What master propagandists also know is to play on our fantasies. I cannot forget a conversation I had with a member of my family after the Balakot air strikes. At some point during the frenzied aftermath, this person shared the false report that Masood Azhar had been killed in the strike. When I said that the news was unlikely to be true, I was told, "I don’t need to know if the news is true or not. I want to share it because it makes me feel proud and happy."

Today, large chunks of our population want to share the news that Kashmiris are fine with the abrogation of Article 370, and that its citizens are looking forward to the wonderful future the Indian State will provide them. When Kashmiris outside the state speak of the anxiety they are feeling at not being able to contact their ailing parents, these people cover their ears. When asked what it would be like to not be in touch with your loved ones in a state overrun with security forces, they refuse to exercise their imaginations. To do so would threaten their fantasy.

The way psychology works, of course, is that even if this fantasy turns into a nightmare — and there are many reasons to believe it will — our minds will invent excuses for it. Oh, it wasn’t demonetisation at fault, but its implementation. It isn't the present government that failed to deliver on economic promises, it was the Congress' legacy. And on and on.

Shakti ka santulan

The present crisis of confidence in media is driven by technology. Earlier, the only way to reach the people was through costly and complicated processes: Gather the news, write and edit it, publish it, and reach physical newspapers to the people. Subscriptions had to be painfully collected. The government relied upon the media, and therefore had to somewhat respect it.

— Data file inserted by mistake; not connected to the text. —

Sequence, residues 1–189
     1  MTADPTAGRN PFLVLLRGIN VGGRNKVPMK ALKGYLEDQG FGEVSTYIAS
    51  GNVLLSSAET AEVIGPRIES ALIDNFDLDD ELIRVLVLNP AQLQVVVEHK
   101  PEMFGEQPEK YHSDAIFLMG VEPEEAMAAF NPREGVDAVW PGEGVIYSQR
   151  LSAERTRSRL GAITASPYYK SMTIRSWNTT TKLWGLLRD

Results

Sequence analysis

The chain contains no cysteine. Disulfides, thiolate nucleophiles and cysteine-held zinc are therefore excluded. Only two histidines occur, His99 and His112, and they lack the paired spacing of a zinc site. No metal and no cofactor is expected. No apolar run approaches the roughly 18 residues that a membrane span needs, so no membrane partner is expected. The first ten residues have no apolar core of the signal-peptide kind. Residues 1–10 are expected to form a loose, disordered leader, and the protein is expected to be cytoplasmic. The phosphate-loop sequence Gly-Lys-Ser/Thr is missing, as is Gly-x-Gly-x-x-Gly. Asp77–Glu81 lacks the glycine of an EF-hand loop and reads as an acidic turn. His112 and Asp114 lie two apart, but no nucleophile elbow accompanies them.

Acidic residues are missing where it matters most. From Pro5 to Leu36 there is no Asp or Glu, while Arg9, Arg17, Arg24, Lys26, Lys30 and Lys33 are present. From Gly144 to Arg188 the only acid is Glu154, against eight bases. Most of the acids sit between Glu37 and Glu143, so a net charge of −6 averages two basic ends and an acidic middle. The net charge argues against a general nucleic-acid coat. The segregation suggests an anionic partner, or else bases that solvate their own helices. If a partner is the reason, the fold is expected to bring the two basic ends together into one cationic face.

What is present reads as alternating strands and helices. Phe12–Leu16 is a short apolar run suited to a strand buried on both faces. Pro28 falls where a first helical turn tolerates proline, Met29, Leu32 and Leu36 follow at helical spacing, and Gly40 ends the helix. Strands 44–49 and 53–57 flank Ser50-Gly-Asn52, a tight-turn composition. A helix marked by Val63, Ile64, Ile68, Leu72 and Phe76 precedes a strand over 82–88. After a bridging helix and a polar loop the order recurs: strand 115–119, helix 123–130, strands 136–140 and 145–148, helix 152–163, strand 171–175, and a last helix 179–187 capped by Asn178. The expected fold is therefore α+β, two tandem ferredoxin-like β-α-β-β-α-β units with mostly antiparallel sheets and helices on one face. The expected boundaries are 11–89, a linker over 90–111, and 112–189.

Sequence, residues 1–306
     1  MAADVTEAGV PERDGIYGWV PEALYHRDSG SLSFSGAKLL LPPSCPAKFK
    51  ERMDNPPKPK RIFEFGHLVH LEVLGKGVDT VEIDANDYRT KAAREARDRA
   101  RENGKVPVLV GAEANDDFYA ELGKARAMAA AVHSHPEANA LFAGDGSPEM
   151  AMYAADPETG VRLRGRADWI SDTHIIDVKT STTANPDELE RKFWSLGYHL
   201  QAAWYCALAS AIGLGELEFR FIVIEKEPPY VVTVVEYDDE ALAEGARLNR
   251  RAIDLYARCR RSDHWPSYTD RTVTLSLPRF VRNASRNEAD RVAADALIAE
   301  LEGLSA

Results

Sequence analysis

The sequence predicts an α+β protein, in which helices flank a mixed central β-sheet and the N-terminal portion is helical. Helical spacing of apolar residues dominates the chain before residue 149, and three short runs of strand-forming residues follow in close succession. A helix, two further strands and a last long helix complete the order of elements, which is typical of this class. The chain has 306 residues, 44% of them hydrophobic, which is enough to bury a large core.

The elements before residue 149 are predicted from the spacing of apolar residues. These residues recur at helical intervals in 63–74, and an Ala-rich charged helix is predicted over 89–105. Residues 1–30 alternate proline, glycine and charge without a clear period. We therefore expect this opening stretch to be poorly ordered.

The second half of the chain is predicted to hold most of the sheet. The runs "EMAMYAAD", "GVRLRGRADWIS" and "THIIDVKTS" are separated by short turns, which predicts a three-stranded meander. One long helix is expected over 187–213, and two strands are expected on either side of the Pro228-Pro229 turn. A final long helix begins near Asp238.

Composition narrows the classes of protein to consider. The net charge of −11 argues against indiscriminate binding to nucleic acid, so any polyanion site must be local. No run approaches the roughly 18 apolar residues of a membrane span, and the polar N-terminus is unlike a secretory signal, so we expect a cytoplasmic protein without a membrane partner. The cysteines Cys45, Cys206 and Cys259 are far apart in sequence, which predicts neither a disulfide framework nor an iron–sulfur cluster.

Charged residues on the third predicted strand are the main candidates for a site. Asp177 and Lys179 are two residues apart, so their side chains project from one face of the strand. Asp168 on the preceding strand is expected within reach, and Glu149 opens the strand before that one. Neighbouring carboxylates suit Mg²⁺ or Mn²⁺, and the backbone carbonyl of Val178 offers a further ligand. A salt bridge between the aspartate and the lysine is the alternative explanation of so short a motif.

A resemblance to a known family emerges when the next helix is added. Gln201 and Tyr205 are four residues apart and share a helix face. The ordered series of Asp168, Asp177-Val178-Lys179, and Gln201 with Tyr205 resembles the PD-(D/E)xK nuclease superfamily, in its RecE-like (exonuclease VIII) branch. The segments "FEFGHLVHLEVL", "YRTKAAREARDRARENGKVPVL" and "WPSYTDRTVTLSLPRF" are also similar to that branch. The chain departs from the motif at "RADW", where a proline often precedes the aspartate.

Today, anybody with a cellphone can write a news report. And if you have millions of citizens waiting to lap up your propaganda on WhatsApp groups, then it is very easy to control the narrative. As Amit Shah famously said, the BJP can send any message it likes to the people, whether sweet or sour, true or false, and they will believe it and disseminate it.

Given this situation, who can verify the facts? Who can keep an eye on the government? Earlier, we needed media organisations just to access the news. Now access is ridiculously simple. What is hard, and getting harder, is verification. Ironically, just when we have stopped needing media houses to get the news, we need them more than ever to cross check it.

The only way citizens can find out what is true is if one group in power exposes the actions of another group in power. As powerless citizens, we have very little in our own hands — we have to rely on healthy and vigorous competition at the top. If we continue to disparage news organisations and buy wholesale into party lines, we will weaken one of the key players of this competition at the top. As the famous dialogue in Maqbool went: Shakti ka santulan bahut zaroori hai sansaar mein. Aag ke liye paani ka darr hona chahiye (Society needs a balance of power. Fire must continue to fear water).

None of these competitors are particularly our friends — certainly not the politicians, nor even prestigious media houses. But in their ability to check each other rests some hope for us.

Today, a political party may need you to neutralise its competitors, but a day will come when there will be no meaningful competition. At that point, the ruling elites will need no fans. For those celebrating and joining in the destruction of key institutions like the media, a day may come when a government will be free to lie about the things that you care about. Then you will have no choice but to mutely pretend that what it says is the truth.

Updated Date: Aug 14, 2019 10:27:41 IST